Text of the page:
In the end, Pakistan would score 249 in the allotted 50-overs, a defendable total for the occasion.
Then on the field, Akram dismissed Botham. Except that he didn’t. Bowling over the wicket was giving cramps to Akram so he told Imran he was going to come round the wicket. “Then I bowled that ball to Botham which came back in and he still thinks that he didn’t nick it,” recalls Akram.
Then Aaqib, one of the poorest catchers in a team of indifferent permanent repository of catches, ran in from deep square leg, tumbling forward to his left to hold on with both hands, ball inches off the ground. He rolled over, stood up and in disbelief, ran a little lap of honour by himself. Graham Gooch shook his head in disbelief before walking off.
Equally, in moments of great stress and joy, religious feelings often come to the fore. Once more the ‘Allah factor’ was playing in the minds of some on the field and the thousands in the MCG stands. They could not shake off the feeling that God was smiling on them.
Then Imran brought Akram back. He bowled two unplayable deliveries. A late swinging ball on an impossible length that Allan Lamb could do nothing but edge and the next ball that swung in late to Chris Lewis gave him no chance.
Pakistan were the World Champions of limited overs cricket.
Osman Samiuddin writing in his book The Unquiet Ones: A History of Pakistan Cricket would describe aptly what happened next and the impact:
“As Pakistan walked off the field for the presentations, an end was beginning. Unbeknown, this was not a harbinger for a golden age. Where India’s 1983 triumph opened the country’s eyes to one-day cricket, where Australia’s 1987 win began a renaissance, where Sri Lanka’s triumph in 1996 became their graduation to the big league, Pakistan’s win in 1992 heralded only the unravelling of their fragile unity and a cantankerous, ramshackle descent into chaos. It brought to a close a period where Pakistan were as good as they have ever been.”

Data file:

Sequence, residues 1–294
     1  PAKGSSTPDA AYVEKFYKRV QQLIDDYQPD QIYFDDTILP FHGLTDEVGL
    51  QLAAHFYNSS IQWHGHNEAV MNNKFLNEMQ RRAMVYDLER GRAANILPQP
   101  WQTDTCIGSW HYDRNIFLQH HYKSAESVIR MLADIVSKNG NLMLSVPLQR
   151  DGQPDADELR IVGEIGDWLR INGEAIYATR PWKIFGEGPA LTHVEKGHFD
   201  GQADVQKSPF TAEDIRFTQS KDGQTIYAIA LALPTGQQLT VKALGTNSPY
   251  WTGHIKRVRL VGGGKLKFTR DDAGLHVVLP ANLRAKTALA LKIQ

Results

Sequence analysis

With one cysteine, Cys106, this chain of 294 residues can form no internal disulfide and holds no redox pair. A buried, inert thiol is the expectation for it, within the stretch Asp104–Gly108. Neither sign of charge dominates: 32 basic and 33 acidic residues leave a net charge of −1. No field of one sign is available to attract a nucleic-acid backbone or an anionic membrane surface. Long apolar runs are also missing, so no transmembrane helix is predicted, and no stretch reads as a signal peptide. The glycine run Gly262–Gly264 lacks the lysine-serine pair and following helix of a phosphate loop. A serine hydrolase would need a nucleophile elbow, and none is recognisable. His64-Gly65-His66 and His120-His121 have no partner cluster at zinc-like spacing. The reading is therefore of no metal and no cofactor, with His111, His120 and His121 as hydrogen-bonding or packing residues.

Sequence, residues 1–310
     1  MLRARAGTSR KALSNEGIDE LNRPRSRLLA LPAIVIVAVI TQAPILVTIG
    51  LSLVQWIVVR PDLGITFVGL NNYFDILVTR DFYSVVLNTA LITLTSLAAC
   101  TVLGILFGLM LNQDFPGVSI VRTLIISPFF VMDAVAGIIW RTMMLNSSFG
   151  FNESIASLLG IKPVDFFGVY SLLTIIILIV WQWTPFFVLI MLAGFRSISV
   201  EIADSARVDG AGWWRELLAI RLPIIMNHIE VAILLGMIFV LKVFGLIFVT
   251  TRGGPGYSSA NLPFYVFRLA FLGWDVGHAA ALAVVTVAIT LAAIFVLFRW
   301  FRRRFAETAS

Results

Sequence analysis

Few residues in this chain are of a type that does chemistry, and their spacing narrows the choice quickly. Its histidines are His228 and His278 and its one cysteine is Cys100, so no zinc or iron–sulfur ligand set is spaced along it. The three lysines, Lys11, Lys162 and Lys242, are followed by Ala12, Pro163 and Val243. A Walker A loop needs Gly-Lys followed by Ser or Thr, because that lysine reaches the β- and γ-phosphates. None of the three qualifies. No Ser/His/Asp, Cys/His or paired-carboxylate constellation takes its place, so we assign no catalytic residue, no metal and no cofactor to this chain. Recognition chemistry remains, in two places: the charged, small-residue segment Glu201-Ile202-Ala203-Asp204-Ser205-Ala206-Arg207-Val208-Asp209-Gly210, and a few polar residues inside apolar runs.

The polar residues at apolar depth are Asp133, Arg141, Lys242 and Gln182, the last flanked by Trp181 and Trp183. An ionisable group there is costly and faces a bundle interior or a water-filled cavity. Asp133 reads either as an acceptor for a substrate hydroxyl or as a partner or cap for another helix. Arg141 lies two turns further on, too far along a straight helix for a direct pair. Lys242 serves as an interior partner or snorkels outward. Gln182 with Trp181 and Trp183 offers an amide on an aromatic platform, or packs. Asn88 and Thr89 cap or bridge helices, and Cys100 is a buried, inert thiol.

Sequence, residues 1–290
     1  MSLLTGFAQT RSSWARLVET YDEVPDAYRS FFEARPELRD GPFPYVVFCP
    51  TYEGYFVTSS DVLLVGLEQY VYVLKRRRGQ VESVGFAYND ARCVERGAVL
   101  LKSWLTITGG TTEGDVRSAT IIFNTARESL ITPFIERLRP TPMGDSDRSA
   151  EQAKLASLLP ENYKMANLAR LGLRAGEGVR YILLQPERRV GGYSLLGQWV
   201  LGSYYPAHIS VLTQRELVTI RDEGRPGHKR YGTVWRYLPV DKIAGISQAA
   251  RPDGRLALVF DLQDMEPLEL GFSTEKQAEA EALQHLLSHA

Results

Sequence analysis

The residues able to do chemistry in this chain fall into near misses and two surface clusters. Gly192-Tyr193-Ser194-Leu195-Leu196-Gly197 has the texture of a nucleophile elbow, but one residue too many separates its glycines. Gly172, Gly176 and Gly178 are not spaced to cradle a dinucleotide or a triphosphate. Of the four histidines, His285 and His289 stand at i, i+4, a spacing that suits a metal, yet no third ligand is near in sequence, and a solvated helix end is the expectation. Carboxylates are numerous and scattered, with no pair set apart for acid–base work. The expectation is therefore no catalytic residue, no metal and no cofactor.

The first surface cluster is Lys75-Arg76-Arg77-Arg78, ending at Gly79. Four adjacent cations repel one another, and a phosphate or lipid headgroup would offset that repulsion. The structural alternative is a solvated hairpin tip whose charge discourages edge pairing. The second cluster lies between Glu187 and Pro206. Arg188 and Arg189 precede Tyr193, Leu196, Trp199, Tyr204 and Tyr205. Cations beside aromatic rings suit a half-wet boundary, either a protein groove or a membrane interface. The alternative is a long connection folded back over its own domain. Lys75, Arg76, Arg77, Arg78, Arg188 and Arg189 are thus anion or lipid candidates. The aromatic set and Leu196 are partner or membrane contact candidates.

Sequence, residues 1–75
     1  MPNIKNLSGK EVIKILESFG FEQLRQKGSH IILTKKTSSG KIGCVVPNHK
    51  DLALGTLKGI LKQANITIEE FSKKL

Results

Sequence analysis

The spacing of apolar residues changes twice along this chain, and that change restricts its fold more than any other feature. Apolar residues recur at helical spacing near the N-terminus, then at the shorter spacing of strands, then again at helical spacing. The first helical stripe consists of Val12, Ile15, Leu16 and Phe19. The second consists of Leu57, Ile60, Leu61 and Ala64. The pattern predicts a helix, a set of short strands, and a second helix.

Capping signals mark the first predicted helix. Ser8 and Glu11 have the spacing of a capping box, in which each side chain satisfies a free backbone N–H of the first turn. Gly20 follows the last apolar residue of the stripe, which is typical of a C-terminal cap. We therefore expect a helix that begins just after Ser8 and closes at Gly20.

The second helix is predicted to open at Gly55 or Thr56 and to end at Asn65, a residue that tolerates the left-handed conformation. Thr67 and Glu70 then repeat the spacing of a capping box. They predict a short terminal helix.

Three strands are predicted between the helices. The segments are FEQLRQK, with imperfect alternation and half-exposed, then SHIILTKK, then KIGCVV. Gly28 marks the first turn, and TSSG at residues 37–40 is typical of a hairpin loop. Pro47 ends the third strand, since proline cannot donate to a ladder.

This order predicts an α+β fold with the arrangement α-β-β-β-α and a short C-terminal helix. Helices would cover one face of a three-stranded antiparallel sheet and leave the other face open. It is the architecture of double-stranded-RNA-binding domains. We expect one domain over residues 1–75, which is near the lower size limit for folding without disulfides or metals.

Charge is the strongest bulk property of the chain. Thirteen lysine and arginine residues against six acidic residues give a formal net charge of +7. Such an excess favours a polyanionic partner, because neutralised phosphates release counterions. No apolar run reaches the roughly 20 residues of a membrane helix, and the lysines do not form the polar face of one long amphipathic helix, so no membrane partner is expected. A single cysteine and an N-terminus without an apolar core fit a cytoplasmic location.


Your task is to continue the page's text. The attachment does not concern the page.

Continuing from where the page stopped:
Nonetheless, it was a high point in Pakistan’s cricket history, perhaps the peak as Samiuddin suggests, or perhaps a suggestion of what greater future glory the nation could aim at.
Imran got his hospital and more importantly crowned a brilliant career with an untouchable legacy that may someday well result in him occupying the highest office of the land.
But regardless of whether Imran ever leads the nation as he did it’s cricket team or not, his gift to his motherland will forever survive him.
Since that glorious day in Melbourne, every time a Pakistan cricket team faces adversity, the miracle of 1992 serves as a reminder of what is possible when effort, belief and dreams combine with divine will to help a nation rise beyond the limits of mere imagination.